The building has a P2 fire class. The fire compartments are based on each room’s intended use. The daycare centre’s functional facilities on the ground and 1st floors belong to the same fire compartment, creating the building’s largest fire component at approximately 1890 m2. The stairwells, attic, social space, sprinkler centre and storage facilities are all in their own fire compartments. The heat distribution room and the main electrical centre share a fire compartment. The attic (1516 m2) and the roof structure cavities are divided into 400 m2 compartments. The foundation floor cavities are divided into 400 m2 compartments if the space’s surfaces do not meet the requirements of category D-s2, d2 (small exceptions are allowed). Fire safety requirements for 1 and 2 storey buildings have been relaxed in Finland since the project was designed.

The building’s two separate exits face in opposite directions. There are a number of other doors on the ground floor that lead directly out of the building. The time to exit the build was calculated at the site to ensure the design complied with safety requirements. As called for by the Finnish RTS classification, a conditions simulation was also conducted at the site, leading to cooling being added to the air conditioning. The daycare centre is open all year round.

All ceiling surfaces have dampening materials, and the HVAC and other equipment is hidden behind acoustic panels. The ceiling in the lounge also has insulation. The floors have a coating that absorbs impact sounds, and the wall cladding will use sound absorbent material. Thanks to the excellent acoustics, it was possible to leave the wood surface visible and keep the echoes and other sounds in the light shafts under control. In CLT walls, one side is exposed and the other side is clad with insulation and gypsum board.


KK-Palokonsultti Oy, a leading Finnish fire safety expert for wooden structures, joined Puuinfo in January 2022. KK-Palokonsultti’s project is also Supercell’s office building, Wood City.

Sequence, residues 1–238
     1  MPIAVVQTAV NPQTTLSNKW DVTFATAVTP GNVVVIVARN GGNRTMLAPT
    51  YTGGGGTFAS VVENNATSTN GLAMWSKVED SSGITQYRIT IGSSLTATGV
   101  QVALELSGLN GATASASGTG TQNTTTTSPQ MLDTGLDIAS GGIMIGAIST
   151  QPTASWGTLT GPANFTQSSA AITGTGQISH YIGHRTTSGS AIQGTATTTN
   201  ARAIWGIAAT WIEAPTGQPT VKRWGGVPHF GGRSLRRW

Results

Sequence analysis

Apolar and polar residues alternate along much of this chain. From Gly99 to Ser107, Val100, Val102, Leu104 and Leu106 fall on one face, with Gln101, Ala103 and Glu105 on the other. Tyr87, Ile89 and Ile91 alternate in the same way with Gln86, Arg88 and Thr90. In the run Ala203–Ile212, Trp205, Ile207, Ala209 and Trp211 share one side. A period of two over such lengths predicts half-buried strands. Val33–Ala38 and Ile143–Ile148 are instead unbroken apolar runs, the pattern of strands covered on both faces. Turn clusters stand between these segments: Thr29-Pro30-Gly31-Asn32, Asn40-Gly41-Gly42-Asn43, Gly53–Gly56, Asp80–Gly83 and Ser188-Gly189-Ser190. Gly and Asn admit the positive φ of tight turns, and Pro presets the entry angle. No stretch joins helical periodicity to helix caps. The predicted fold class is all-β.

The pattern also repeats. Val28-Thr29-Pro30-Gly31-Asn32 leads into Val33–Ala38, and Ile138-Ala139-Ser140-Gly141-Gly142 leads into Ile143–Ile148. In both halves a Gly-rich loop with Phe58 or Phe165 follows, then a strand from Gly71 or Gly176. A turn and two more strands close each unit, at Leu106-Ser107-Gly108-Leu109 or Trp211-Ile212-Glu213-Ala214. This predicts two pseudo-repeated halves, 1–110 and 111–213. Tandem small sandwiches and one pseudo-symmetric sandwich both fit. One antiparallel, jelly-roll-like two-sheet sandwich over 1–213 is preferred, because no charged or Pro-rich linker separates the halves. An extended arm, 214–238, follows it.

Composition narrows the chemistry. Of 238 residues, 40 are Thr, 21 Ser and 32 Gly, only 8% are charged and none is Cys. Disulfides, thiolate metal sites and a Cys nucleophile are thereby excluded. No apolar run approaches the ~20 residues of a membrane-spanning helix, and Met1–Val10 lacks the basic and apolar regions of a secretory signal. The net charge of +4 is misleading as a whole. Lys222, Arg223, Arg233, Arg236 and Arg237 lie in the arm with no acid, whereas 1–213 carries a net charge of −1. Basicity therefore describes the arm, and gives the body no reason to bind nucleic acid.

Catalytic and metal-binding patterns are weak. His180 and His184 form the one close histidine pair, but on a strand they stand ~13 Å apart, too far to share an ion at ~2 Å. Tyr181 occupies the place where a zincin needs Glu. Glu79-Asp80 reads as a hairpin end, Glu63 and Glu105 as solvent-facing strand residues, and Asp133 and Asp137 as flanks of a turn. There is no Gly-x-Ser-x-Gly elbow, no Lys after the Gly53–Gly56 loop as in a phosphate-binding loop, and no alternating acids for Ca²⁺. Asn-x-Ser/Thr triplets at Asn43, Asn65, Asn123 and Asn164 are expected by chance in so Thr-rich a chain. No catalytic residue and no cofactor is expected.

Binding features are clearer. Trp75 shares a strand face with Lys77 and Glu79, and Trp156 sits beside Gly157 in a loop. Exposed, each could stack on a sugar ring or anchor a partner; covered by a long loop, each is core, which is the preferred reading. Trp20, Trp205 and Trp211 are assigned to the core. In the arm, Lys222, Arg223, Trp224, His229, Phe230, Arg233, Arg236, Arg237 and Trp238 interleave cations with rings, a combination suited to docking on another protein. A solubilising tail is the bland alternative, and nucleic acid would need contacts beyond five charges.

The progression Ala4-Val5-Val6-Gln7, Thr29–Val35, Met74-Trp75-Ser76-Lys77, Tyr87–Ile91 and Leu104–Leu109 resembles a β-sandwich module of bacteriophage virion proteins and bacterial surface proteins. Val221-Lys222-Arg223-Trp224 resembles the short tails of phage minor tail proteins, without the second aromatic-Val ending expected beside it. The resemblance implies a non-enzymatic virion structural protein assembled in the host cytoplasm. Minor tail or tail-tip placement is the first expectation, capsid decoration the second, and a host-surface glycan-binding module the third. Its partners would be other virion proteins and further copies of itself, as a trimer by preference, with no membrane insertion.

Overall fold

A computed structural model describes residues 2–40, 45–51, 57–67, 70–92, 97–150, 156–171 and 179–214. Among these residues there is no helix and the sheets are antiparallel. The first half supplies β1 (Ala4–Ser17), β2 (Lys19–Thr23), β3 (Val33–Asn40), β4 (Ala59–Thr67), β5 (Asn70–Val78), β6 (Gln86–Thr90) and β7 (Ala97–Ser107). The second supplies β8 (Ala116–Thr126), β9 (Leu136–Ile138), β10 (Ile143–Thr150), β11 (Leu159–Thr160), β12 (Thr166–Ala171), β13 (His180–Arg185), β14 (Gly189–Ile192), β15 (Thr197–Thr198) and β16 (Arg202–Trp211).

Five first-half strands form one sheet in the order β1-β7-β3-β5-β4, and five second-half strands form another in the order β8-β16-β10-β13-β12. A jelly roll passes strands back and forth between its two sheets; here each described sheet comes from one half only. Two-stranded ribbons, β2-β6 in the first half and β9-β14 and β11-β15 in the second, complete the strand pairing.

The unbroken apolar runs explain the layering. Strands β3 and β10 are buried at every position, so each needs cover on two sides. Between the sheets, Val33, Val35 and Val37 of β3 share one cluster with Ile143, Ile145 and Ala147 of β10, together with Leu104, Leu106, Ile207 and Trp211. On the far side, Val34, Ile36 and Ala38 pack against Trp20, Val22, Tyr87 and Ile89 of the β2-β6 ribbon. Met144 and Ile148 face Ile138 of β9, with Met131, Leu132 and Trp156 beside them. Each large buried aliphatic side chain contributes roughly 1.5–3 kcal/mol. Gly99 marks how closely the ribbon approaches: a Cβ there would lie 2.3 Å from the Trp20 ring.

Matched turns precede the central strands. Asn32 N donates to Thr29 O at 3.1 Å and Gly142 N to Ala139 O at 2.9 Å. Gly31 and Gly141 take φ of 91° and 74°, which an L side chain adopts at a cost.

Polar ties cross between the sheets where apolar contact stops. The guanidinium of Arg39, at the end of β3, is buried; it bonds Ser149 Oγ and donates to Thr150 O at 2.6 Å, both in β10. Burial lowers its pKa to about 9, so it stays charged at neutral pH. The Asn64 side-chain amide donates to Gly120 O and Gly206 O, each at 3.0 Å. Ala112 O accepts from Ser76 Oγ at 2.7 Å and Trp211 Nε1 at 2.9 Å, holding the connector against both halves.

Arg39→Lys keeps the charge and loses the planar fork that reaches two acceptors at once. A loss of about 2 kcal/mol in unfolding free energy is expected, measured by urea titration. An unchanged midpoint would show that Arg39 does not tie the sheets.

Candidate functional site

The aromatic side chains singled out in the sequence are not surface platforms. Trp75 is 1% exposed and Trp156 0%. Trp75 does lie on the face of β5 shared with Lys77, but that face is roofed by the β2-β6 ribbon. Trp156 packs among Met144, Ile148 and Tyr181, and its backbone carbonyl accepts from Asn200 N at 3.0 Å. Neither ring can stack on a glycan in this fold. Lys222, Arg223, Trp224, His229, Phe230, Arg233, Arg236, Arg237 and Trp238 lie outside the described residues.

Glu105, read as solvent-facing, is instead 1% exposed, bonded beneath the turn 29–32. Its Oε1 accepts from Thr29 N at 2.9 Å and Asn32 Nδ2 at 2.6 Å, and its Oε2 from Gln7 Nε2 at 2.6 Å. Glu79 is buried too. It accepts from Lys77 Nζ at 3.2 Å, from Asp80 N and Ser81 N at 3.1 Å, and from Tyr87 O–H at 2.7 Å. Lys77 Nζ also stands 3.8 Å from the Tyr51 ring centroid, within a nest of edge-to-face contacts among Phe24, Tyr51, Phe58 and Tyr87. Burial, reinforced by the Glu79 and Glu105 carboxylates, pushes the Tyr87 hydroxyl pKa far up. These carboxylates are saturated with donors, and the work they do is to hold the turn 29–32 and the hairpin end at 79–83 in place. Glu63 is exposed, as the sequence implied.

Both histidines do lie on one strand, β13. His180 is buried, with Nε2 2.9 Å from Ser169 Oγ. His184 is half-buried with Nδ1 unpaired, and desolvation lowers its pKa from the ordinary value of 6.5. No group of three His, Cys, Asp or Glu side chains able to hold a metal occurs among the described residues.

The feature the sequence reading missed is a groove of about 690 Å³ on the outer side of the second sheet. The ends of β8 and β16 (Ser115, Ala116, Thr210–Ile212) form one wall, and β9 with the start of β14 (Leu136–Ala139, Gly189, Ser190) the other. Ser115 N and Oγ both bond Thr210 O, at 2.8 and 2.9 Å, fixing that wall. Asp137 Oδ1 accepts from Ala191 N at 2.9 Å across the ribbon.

Puurakentajat Group Oy is a Finnish group specializing in wood construction and wood technology, with experience in solid wood construction since 2006. Puurakentajat designs and builds ecologically sustainable and healthy detached houses, apartment buildings and schools and kindergartens, such as Lapinmäki daycare centre, Metsola daycare centre and Supercell’s office building, Wood City.

Project in brief

Hopealaasko daycare centre

  • Location | Helsinki
  • Purpose | Daycare centre
  • Constructor/Client | City of Helsinki
  • Valmistumisvuosi | 2021
  • Floor area | 2 098 m2
  • Total area | 2 358 m2
  • Volume | 10 050 m3
  • Investointikustannukset | 9 700 000€
  • Architectural Design | AFKS Arkkitehdit Oy, Jari Frondelius ja Mikko Liski
  • Structural design | Rakennuskonsultointi T Kekki Oy
  • Akustiikkasuunnittelu | A-Insinöörit Oy
  • Palotekninen suunnittelu | KK-Palokonsultti Oy
  • LVIA-suunnittelu | Granlund Oy
  • Electrical design | Granlund Oy
  • Interior design | AFKS Arkkitehdit Oy
  • Muut suunnittelijat ja asiantuntijat | Expert on wooden structures: Wood Expert Oy
  • Pääurakoitsija | Oy Rakennuspartio
  • Muut rakennusliikkeet | Supplier of CLT elements and installation of the frame: Puurakentajat Group Oy
  • Wood component supplier | Manufacturing of CLT elements: Stora Enso, Manufacturing of beams: Versowood Oy
  • Photographs | Hannu Rytky
  • Text | AFKS Arkkitehdit Oy and Puuinfo